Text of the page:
Leaving education and joining the workforce is supposed to be fun. Graduates finally get to show off their hard-earned skills in the “real world”, and getting paid for the first time is something of a thrill.

However, a lot of first-time employees develop an unhealthy relationship with work and find that their work-life quickly overruns their personal time or invades their thoughts even when they’re supposed to be enjoying time away from work.

This is because most young workers don’t understand the burden of emotional labour and haven’t been taught how to set appropriate boundaries to support their mental health and overall wellbeing.

So, here are a few things every student should know about emotional labour before entering the workforce.

What is Emotional Labour?

Emotional labour is a confusing topic for new employees. After all, everyone has to control their emotions in day-to-day life, and managing your response to stressful events is a part of being a good citizen.

However, emotional labour refers to work-related interactions that employees have with their peers, customers, patients, or bosses. Fields like nursing, teaching, and customer support are heavily reliant upon emotional labour, as these careers require workers to manage their feelings and respond appropriately to stressful situations.

Unfortunately, emotional labour can harm workers. This is particularly true for new employees, who don’t have experience with setting boundaries and compartmentalizing just yet. Too much emotional labour can cause mental health issues, and lead to conditions like depression, burnout, fatigue, and imposter syndrome. 

Finding a Positive Workplace

The best way to avoid excess emotional labour is to plan ahead and research potential employers before signing on the dotted line. Too often, recent graduates accept their first offer and rush into the workforce without doing their due diligence. Instead, students who are looking to enter the workforce should thoroughly research any company that offers them a position. Here are a few things to look for:

  • Pay attention to prospective employers’ language choice in job descriptions and personal communication — rushed or error-filled writing is a red flag.
  • Ask questions in the interview, and try to get spontaneous answers. Interviewers that seem helpful and caring reflect a positive, caring workplace.
  • Read online reviews, but take them with a grain of salt. Disgruntled former employees like to leave reviews on sites like Glassdoor, so read between the lines when assessing cultural fit.

When looking for a positive workplace, folks must remember their value in the job market as recently trained graduates. Highly skilled students at the start of their careers are also in a great position to start their own businesses and create positive working environments. Entrepreneurial students should set clear goals and create support programs that are designed to uplift employees and help them set clear work boundaries.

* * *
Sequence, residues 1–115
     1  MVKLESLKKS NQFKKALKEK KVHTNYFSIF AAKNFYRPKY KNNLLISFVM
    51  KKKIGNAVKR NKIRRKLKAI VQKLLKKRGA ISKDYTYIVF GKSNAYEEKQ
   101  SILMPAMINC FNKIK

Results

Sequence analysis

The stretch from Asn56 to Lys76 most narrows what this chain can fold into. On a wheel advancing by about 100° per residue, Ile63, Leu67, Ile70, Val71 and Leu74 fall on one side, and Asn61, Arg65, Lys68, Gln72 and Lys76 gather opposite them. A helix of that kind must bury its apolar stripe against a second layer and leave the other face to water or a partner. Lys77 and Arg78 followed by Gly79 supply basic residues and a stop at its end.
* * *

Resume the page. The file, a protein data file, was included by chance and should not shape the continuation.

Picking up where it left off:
How to Set Work Boundaries

Learning to set clear boundaries is one of life’s most important lessons. Students who are entering the workforce are extremely likely to overcommit their time and stretch themselves far too thin. This makes emotional labour hard to manage and can result in burnout or outbursts of emotion.

First-time employees can set healthy work boundaries by developing interests outside of their careers and creating a strict daily routine. Ideally, these interests should promote well-being and shouldn’t be related to work. For example, rather than giving up on exercise when entering the workforce, young employees can join local sports teams or exercise groups that practice or train after working hours. This will help young employees resist the temptation to work unpaid overtime, and will give new workers a chance to decompress after a busy day.

Setting clear boundaries also involves clear communication while at work. Most employers and peers respect boundaries, but students entering the workforce should be prepared to meet folks who test their professional boundaries. When this happens, young employees need to practice saying “no” and prioritising their own well-being. It may feel awkward at first, but maintaining strict professional boundaries is a great way to avoid emotional overload.

Moving On

Sometimes roles and workplaces just don’t live up to our expectations. This can be a strange feeling for young employees, who often have an optimistic mindset and have worked hard to secure their first position. This leads many first-time employees to stay in a role that doesn’t suit them and suffer through excessive emotional labour due to feelings of guilt or confusion.

If the emotional labour associated with a role is overwhelming, young employees should speak to their managers and seek a solution to their work-related stress. If this doesn’t solve things, it is ok to move on and seek new employment in a different industry or field.

Conclusion

Emotional labour doesn’t get enough attention during work training and education. However, graduates need to be aware of the emotional strain that may occur during their career and should learn to set clear boundaries to mitigate stress, prevent burnout, and ensure their first position in the workforce is a success.